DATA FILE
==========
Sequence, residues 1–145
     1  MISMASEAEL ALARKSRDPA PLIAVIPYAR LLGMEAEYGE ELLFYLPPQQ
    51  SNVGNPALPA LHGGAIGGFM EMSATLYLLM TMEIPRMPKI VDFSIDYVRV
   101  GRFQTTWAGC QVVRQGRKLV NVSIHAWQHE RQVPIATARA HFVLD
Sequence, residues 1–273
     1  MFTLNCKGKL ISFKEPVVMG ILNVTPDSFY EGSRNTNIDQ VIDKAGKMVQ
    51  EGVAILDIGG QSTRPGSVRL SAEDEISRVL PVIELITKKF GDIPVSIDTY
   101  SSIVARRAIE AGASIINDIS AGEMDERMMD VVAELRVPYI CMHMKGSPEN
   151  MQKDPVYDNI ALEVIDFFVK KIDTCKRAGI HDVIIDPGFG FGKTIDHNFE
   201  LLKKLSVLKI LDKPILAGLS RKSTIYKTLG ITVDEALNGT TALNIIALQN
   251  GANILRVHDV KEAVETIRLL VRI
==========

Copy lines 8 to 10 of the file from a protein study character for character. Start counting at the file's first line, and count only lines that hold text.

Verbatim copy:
   101  SSIVARRAIE AGASIINDIS AGEMDERMMD VVAELRVPYI CMHMKGSPEN
   151  MQKDPVYDNI ALEVIDFFVK KIDTCKRAGI HDVIIDPGFG FGKTIDHNFE
   201  LLKKLSVLKI LDKPILAGLS RKSTIYKTLG ITVDEALNGT TALNIIALQN